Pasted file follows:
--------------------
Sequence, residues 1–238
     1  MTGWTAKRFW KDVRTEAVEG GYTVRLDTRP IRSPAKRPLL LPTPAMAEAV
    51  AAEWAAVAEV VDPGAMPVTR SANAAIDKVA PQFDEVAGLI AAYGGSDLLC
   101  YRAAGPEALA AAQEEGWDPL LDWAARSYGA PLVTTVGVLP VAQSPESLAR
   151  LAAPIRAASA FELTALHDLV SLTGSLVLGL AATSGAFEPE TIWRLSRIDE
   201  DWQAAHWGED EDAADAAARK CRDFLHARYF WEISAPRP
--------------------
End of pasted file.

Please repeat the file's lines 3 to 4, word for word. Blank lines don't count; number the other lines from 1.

    51  AAEWAAVAEV VDPGAMPVTR SANAAIDKVA PQFDEVAGLI AAYGGSDLLC
   101  YRAAGPEALA AAQEEGWDPL LDWAARSYGA PLVTTVGVLP VAQSPESLAR